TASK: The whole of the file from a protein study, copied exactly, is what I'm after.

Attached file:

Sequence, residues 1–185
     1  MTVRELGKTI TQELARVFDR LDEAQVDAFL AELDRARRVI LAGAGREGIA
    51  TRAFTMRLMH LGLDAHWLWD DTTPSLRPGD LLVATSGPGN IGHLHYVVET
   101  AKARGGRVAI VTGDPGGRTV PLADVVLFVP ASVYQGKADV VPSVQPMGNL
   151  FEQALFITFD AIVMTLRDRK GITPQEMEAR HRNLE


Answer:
Sequence, residues 1–185
     1  MTVRELGKTI TQELARVFDR LDEAQVDAFL AELDRARRVI LAGAGREGIA
    51  TRAFTMRLMH LGLDAHWLWD DTTPSLRPGD LLVATSGPGN IGHLHYVVET
   101  AKARGGRVAI VTGDPGGRTV PLADVVLFVP ASVYQGKADV VPSVQPMGNL
   151  FEQALFITFD AIVMTLRDRK GITPQEMEAR HRNLE